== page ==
NEW YORK — A federal agency Monday filed a sex discrimination suit against brokerage giant Morgan Stanley Dean Witter & Co., accusing the firm of failing to fairly promote and compensate women, including a $1-million-a-year bond saleswoman fired last October.
The Equal Employment Opportunity Commission, which enforces federal job-discrimination laws, took the action in a case originally brought in November 1998 by Allison Schieffelin, 39, who claimed that she was denied a promotion because of her gender and was paid less than men of similar rank.
The EEOC also accused Morgan Stanley of firing Schieffelin in retaliation for filing the discrimination complaint.
It is the first major sex discrimination suit that the agency has brought against a Wall Street securities firm, officials said at a news conference in Manhattan on Monday.
In a year when the securities industry is reeling from collapsing stock prices and accusations of conflicts of interest on the part of brokerage analysts touting shares, the suit is another blow to Wall Street's image.
The EEOC said that Morgan Stanley's bias extended to as many as 100 other women whom it did not name but who, like Schieffelin, have worked in the firm's institutional equity division.
The brokerage excluded women from social events, including golf outings and at least one trip to Las Vegas, at which they could have furthered their careers by cementing ties with clients, according to the EEOC complaint.
Schieffelin, who earned $1.35 million in 1998 as a manager in Morgan Stanley's convertible bond department, said that despite receiving highly favorable job performance ratings she repeatedly was denied the coveted and even more lucrative position of managing director.
Morgan Stanley replied in a statement that it "flatly rejects the EEOC contentions that Schieffelin was discriminated against." The firm said she was the highest-paid salesperson on her desk and that the job she claims she was denied because of gender bias in fact went to another woman.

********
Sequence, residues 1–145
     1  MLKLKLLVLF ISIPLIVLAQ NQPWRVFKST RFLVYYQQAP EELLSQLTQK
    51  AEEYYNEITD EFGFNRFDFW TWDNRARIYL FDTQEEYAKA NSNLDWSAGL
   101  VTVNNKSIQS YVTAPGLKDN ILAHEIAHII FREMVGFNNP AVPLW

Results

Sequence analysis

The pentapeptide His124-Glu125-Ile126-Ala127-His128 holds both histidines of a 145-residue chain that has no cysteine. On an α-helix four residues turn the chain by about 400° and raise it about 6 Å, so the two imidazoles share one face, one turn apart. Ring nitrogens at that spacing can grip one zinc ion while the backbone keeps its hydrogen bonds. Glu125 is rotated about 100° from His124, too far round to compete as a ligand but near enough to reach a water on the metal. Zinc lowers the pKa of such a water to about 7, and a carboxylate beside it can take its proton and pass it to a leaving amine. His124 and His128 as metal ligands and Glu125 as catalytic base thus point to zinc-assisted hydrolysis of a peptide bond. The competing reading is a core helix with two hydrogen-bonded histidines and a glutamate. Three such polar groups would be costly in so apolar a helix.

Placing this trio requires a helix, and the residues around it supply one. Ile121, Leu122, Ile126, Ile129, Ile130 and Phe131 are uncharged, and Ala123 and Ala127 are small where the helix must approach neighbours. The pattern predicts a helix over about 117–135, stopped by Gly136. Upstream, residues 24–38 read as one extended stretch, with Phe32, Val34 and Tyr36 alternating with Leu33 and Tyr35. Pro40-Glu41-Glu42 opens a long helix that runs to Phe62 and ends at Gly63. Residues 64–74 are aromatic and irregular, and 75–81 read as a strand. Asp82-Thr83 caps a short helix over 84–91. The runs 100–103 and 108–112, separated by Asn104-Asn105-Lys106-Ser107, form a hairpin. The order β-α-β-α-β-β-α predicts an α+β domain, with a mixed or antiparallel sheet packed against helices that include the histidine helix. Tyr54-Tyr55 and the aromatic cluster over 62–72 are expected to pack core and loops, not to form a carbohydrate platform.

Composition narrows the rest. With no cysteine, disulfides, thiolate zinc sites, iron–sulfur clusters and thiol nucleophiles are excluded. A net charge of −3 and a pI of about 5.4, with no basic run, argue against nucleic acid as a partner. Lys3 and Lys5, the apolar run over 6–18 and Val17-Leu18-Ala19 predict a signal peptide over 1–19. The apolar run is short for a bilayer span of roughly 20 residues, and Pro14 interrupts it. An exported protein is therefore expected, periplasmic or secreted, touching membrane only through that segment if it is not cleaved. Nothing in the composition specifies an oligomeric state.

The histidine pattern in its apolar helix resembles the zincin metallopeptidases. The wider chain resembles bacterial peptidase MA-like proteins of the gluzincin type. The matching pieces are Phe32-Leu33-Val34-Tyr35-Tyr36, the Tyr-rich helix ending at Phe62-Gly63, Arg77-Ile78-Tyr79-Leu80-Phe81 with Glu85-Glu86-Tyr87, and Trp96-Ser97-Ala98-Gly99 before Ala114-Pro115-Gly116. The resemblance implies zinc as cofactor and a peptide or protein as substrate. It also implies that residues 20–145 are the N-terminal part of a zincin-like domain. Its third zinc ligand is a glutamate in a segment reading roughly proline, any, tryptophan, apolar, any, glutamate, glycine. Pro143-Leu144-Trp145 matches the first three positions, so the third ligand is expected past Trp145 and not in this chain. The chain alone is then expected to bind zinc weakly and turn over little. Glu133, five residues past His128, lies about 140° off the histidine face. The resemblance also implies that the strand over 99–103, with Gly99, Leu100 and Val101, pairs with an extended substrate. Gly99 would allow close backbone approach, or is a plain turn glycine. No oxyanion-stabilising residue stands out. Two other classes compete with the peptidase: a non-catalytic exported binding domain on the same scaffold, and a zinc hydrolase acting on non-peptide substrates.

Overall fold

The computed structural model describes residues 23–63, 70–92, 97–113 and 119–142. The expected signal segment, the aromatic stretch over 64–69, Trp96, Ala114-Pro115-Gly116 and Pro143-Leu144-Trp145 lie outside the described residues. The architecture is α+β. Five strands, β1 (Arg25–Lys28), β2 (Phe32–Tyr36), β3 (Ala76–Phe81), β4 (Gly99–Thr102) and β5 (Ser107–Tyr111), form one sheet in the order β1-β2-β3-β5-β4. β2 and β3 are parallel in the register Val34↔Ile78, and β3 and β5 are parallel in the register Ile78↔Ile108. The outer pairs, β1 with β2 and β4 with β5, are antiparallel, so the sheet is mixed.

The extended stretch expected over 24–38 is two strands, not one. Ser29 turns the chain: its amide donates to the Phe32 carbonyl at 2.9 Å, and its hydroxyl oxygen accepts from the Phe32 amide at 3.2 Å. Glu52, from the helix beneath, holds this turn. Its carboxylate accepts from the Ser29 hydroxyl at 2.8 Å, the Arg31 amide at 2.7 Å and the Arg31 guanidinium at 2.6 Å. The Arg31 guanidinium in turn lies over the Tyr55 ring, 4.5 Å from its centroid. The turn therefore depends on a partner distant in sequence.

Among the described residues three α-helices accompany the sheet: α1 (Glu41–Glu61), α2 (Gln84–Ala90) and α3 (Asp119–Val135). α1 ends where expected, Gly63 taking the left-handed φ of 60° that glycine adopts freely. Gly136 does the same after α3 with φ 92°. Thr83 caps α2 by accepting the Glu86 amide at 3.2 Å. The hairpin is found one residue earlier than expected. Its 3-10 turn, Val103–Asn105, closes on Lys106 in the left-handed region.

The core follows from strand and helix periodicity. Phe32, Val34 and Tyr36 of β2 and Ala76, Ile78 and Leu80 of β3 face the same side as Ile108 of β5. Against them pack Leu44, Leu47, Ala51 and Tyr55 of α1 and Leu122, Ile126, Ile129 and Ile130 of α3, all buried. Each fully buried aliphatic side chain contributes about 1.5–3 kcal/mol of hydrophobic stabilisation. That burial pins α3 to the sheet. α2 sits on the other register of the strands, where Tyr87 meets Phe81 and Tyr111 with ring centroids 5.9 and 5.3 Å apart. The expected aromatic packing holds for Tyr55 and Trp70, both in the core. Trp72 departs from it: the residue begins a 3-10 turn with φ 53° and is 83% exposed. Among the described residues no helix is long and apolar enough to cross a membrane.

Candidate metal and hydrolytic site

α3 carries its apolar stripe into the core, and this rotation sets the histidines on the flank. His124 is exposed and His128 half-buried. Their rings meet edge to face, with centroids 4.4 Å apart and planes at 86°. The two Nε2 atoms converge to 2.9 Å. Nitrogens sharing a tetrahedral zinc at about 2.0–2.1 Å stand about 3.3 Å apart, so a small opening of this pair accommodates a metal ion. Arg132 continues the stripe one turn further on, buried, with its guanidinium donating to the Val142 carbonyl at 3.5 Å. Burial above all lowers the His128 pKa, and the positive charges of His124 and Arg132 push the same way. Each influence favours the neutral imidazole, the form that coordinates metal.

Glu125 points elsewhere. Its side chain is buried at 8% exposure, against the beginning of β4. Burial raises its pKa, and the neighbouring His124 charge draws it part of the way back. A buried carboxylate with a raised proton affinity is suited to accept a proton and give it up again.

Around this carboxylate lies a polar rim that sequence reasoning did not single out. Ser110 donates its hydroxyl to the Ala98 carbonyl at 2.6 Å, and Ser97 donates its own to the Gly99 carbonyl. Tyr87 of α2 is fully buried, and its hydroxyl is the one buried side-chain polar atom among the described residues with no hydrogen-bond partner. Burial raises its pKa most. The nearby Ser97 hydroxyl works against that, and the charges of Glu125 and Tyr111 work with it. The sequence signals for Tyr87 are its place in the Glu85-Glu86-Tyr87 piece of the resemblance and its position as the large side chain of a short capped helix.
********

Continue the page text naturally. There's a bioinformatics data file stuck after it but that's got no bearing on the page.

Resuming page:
Schieffelin was fired, the firm said, "after she initiated an abusive confrontation with her boss--the woman who got the job she is suing for."
Schieffelin and the commission rejected the brokerage's view of events, calling it a pretext, and noting that her boss, Gay Ebers-Franckowiak, was promoted a year after Schieffelin filed her complaint.
Once Schieffelin filed her suit, she said her bosses began to freeze her out of contact with clients, disparage her to other employees and give her poor performance evaluations.
"I believe that they thought if they made my day-to-day life miserable enough, I would just go away," she said at Monday's news conference.
"Ms. Schieffelin's case underscores a long-standing, endemic problem that has plagued the securities industry for more than two decades," EEOC Chairwoman Cari Dominguez said Monday.
"Despite increasing numbers of women pursuing careers on Wall Street today, many continue to face exclusionary barriers that impede their professional growth and their advancement to the highest levels of the industry," she said.
More than 95,000 women work in the U.S. securities industry, according to a 1999 survey by the Securities Industry Assn. About 9.6% of the top-paying jobs, including investment banking and related businesses, are held by women, the association said.
"There's a pretty consistent pattern of women in the brokerage industry facing discrimination," said Paul Mollica, partner in the Chicago law firm of Meites Mulder Burger & Mollica, which represents 198 female brokerage employees at U.S. Bancorp Piper Jaffray now trying to gain class-action status for their discrimination complaint.
Merrill Lynch & Co. and rival Smith Barney, now a unit of Citigroup, in 1998 both settled high-profile gender discrimination and harassment cases involving hundreds of female employees.
A Long Island, N.Y., Smith Barney branch became notorious for a basement "boom-boom room" where male employees allegedly harassed women co-workers at raunchy parties.
To be sure, such claims abound outside the brokerage industry. Mitsubishi Motor Manufacturing of America Inc., which faces an age discrimination suit for firings at its Normal, Ill., plant, three years ago paid $34 million to more than 300 women to settle one of the largest gender discrimination cases ever filed.
But the securities industry for years was insulated from litigation on discrimination grounds because employees had been required by the New York Stock Exchange and National Assn. of Securities Dealers rules to settle such disputes through arbitration rather than in court, Mollica said.
EEOC investigates hundreds of discrimination cases but joins lawsuits in only a tiny number, he said.
In a statement at the news conference, Schieffelin described herself as so loyal she "bled Morgan Stanley blue."